A report from the BADIL-Zochrot joint actions

As the May 15th marches reaffirmed the refugees at the center of the Palestinian struggle and revealed new avenues for the realization of their rights, questions related to practical aspects of refugee return are becoming of increasing significance. Over the past two years, BADIL and Zochrot have been involved in an innovative project to study the practical aspects of refugee return. The project builds on the deep respect in international law for the right of return,1 and its widespread affirmation as the only acceptable durable solution, and starts to address how refugees will return to properties and homes from which they were forcibly displaced, and how such a return can be implemented in a practical, fair, and efficient manner that protects the legitimate interests of all stakeholders involved.

The revolutionary spirit of the Arab Spring manifested itself in the actions of Palestinians, Arabs, and their allies on this Nakba Day 2011. Alongside the usual annual gatherings marking the Palestinian Nakba of 1948, Palestinian, Syrian, Egyptian, Jordanian and Lebanese activists made unprecedented strides in their quest to claim the right of return for refugees to their places of origin inside historic Palestine and the occupied Golan Heights.1

Glasgow shops join boycott of all Israeli produce
30 August 2010 – Following a campaign by Friends of Al Aqsa and the Scottish Palestine Solidarity Campaign, Asian shops in a key area of Glasgow declare themselves free of Israeli produce. A number of shopkeepers were unaware that they were even stocking Israeli goods and thanked campaigners for helping them to correctly identify Israeli goods.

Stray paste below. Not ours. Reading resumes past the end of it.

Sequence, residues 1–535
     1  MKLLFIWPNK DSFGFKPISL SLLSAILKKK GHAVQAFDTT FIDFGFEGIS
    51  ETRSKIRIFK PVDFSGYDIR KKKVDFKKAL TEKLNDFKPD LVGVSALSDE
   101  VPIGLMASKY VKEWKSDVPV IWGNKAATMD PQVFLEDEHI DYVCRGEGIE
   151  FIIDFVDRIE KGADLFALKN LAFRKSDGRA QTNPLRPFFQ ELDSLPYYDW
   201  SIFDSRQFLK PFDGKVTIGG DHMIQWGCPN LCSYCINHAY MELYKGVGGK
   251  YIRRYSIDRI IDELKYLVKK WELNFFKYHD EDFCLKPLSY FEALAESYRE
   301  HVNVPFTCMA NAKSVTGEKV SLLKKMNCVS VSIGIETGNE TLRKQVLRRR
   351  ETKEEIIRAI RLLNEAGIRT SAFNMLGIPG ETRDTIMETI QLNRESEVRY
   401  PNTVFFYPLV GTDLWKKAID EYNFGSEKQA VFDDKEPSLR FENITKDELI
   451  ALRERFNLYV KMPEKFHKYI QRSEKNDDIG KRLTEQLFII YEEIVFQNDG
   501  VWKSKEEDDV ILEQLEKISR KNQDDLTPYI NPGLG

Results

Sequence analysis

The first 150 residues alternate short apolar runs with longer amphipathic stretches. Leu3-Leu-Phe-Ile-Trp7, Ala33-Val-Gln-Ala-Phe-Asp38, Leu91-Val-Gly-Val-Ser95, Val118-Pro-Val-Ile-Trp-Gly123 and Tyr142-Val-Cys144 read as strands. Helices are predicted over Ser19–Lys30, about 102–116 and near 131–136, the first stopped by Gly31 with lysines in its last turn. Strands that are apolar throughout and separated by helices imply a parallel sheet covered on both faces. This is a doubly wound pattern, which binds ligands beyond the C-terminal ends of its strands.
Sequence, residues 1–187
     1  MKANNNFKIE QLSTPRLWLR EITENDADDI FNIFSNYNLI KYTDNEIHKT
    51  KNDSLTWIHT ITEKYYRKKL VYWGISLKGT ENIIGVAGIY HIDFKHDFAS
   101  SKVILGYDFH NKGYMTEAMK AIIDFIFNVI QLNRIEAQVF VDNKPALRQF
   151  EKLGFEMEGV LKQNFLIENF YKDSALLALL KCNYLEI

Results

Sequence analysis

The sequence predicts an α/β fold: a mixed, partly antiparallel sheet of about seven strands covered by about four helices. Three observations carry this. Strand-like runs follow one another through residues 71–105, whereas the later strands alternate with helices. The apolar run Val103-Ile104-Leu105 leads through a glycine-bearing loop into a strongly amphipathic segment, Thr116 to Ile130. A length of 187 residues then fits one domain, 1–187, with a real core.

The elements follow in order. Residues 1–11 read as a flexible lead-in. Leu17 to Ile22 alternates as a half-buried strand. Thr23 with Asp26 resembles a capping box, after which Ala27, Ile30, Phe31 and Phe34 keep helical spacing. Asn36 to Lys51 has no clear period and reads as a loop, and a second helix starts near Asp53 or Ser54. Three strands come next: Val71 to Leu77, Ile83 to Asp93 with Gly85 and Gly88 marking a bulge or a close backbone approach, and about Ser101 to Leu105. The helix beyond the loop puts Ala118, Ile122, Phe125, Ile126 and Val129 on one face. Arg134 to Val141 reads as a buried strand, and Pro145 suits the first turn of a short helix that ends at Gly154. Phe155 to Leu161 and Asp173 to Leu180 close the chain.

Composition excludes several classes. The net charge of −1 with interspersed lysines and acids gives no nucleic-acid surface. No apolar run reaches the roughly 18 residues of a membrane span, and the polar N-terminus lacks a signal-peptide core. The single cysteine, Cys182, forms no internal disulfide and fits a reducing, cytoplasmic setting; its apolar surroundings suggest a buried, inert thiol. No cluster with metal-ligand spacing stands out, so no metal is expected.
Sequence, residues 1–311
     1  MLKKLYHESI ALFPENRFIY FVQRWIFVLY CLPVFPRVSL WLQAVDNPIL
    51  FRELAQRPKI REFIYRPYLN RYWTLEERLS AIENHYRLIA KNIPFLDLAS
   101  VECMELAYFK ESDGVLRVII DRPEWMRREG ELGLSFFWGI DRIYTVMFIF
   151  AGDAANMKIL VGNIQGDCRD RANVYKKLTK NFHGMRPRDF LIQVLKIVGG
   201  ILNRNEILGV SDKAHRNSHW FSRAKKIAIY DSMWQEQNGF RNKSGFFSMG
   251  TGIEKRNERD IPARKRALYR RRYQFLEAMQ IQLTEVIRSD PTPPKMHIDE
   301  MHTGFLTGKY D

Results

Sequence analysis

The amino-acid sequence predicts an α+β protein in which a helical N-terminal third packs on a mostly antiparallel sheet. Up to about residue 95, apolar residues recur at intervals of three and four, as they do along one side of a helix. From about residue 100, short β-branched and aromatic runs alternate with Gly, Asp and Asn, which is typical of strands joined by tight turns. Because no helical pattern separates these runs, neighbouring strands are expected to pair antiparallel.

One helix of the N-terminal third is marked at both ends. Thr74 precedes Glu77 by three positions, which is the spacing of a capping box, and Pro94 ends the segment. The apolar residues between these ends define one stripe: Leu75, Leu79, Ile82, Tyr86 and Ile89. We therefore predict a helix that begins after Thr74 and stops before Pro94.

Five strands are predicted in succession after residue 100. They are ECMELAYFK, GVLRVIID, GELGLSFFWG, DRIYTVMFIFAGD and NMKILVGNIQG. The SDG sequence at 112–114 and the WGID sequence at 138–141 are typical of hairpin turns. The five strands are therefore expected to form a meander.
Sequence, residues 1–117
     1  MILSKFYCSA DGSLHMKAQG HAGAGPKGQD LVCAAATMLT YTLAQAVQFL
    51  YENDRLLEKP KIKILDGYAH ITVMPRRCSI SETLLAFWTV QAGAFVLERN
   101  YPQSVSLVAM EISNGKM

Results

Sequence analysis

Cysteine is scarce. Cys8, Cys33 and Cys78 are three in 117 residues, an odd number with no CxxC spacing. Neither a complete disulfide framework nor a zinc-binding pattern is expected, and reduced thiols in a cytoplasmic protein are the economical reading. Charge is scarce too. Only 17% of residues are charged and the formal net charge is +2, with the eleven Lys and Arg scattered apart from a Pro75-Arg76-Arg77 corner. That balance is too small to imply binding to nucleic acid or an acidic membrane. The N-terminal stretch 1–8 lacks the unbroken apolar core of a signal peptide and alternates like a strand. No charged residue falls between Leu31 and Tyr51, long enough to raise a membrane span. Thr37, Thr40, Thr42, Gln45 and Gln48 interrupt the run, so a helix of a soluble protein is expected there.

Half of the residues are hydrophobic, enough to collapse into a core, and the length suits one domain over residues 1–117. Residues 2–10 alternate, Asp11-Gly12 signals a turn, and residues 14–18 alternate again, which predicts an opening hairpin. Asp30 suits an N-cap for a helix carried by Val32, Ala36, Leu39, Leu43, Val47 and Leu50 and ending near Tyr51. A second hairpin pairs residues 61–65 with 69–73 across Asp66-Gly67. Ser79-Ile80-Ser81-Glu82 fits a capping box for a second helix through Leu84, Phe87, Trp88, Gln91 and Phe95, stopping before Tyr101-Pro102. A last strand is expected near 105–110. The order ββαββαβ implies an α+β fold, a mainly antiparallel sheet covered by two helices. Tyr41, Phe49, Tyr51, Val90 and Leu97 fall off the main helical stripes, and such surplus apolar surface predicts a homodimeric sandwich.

In 1994, after the signing of the Oslo Accords between the Palestine Liberation Organization (PLO) and Israel, the Qadhafi government in Libya sought to show its objection to the agreements by expelling the Palestinian community residing in the country. One of the Palestinians living in Libya at the time was Professor Bassem Sirhan, we spoke to him about the Libyan policy of expulsion and the injustice that befell the Palestinian community.

Impunity continues to prevail in the Occupied Palestinian Territory (OPT), a state of affairs clearly evident in the international response to Israel’s military offensive in the occupied Gaza Strip between 27 December 2008 – 18 January 2009 in which more than  1,400 Palestinians and 14 Israelis were killed.[1]  83% of the Palestinian victims were Geneva-Convention protected civilians, most of them Palestinian refugees who had been forcibly displaced from their homes and properties to the Gaza Strip as a result of Israel's ethnic cleansing operation (the Nakba) of 1948.